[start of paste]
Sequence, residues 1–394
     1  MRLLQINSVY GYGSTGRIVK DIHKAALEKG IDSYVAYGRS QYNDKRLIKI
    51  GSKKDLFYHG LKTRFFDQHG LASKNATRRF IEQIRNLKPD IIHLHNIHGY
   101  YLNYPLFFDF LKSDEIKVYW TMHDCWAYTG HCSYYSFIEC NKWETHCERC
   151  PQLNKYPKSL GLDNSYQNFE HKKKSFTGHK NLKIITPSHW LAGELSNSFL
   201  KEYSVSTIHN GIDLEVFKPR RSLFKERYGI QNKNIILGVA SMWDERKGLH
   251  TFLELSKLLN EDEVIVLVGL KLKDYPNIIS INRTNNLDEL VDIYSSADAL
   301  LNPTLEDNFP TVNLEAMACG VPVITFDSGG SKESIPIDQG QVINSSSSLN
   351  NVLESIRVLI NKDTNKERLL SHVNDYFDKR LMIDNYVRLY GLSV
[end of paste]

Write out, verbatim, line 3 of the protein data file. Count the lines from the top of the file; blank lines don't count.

    51  GSKKDLFYHG LKTRFFDQHG LASKNATRRF IEQIRNLKPD IIHLHNIHGY